Forbes Presents 6 Reasons Why Tesla Beats Better Place in Every Aspect of Battery Swapping
With Tesla successfully demonstrating the ability to swap a Model S battery pack in approximately 90 seconds, the world was once again introduce to battery swapping. You know, the technology that eventually led to the demise of Better Place.
How can Tesla Motors do battery swapping right when Better Place failed at it? Well, there are some slight technological differences in how the swap is performed, but that’s not what’ll perhaps make Tesla successful at swapping.
The technological differences play only the most minor of roles here. Swapping is swapping.
Recently, Forbes outlined 6 reasons why Tesla is not Better Place when it comes to swapping and we’ve yet to see this laid out more clearly elsewhere.
Below, we’ll highlight those 6 reasons with a condensed version of Forbes’ reasoning. For the full article, follow the link at the bottom of this post.
- Better Place was trying to standardize technology across manufacturers; Tesla is serving only itself. Shai Agassi, the charismatic founder of Better Place, convinced the governments of Israel and Denmark that his plan for battery swapping would solve the biggest problem with electric vehicles and got serious commitments from both. But what he couldn’t do was get similar promises from auto manufacturers to use a standardized battery.
- Better Place was hoping to profit from battery swapping; for Tesla it could become costly. Tesla, to its advantage, won’t seek to make money from swapping batteries.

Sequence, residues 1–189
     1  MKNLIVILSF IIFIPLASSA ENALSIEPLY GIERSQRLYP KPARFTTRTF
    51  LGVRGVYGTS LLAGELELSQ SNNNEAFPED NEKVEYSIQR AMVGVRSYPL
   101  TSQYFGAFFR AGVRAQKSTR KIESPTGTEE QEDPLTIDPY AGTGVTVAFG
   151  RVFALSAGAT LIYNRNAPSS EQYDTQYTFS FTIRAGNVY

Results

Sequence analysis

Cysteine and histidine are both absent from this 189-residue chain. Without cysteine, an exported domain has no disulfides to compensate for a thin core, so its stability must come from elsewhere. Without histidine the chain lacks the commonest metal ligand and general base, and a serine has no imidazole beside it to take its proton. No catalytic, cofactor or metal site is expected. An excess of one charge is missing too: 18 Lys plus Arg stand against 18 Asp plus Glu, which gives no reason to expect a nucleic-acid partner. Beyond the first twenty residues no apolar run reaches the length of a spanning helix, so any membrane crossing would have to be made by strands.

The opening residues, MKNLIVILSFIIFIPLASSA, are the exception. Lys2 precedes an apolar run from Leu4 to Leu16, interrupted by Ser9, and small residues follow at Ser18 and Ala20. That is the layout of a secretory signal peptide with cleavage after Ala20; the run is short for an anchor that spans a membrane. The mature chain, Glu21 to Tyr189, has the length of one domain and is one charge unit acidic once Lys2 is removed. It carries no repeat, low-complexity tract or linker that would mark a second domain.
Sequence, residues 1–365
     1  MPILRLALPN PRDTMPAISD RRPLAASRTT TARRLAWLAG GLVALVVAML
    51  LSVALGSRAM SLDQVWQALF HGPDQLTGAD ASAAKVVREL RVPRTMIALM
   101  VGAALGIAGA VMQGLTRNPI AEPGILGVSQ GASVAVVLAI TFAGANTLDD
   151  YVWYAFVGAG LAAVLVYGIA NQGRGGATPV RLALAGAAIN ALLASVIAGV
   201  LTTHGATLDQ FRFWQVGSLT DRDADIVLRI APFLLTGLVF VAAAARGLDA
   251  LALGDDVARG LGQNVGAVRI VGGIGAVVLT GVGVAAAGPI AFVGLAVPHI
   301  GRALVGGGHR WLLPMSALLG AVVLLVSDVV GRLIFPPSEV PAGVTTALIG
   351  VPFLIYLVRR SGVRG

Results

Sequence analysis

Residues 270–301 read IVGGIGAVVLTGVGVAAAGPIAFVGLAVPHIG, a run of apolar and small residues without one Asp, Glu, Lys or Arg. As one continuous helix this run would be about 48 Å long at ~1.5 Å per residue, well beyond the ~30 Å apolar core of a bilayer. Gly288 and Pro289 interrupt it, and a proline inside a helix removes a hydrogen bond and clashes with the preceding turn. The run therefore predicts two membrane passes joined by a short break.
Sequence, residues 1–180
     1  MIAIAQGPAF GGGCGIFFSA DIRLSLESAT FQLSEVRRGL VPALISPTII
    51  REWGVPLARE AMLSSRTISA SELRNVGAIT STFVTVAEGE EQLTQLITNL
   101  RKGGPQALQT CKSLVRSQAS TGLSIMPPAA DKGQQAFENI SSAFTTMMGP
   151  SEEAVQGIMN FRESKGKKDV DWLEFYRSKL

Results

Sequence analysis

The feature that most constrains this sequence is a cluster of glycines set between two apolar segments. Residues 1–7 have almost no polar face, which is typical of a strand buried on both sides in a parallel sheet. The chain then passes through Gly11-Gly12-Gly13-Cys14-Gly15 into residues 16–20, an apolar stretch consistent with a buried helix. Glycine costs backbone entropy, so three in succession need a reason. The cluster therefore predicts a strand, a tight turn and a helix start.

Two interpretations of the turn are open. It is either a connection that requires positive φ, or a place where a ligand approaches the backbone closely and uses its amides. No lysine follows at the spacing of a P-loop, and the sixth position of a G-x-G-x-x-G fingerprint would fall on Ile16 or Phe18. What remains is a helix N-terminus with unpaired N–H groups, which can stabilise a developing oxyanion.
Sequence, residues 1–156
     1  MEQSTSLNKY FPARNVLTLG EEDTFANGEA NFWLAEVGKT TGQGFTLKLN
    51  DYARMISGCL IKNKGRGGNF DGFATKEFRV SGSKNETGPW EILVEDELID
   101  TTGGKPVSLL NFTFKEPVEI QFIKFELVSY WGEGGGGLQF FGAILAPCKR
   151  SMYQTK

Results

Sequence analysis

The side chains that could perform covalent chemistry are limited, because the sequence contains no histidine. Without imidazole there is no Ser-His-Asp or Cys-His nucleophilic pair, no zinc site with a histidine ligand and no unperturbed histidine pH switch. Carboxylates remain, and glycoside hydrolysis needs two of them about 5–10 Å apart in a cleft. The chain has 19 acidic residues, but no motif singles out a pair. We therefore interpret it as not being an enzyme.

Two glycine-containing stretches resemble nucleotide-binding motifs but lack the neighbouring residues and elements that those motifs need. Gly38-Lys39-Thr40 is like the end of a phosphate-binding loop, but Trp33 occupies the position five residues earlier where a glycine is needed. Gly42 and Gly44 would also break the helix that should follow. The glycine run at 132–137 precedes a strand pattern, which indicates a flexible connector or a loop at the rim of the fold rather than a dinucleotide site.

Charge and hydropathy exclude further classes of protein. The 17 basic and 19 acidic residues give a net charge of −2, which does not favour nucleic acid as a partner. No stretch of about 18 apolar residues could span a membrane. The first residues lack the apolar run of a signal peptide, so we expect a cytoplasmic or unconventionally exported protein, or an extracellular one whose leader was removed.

- Tesla has already achieved a level of acceptance Better Place never had. Musk is basically targeting the next 100,000 with this offering and he just might win them over.
- Better Place’s technology was never going to make EVs as good as gasoline cars. The Renault that Better Place offered was another sub-100-mile electric car akin to Nissan’s Leaf. It’s a perfectly legitimate commuter car/second vehicle, but a useless long-hauler. Nothing about Better Place’s swap stations was going to change that.
- Tesla builds cars; Better Place leased batteries. This distinction is important for a lot of reasons.
- Upgrades? Who wants upgrades? Tesla has teased several times that their design allows for an “upgradeable car”…Musk pointed out that future batteries for Model S (and X) might have larger capacity than today’s 85-kWh design and there’s no reason to doubt that those, too, will be available through swapping.
Which of the 6 points do you agree/disagree with? And will battery swapping actually work for Tesla? Could we consider it to be successful even if Tesla loses money on it?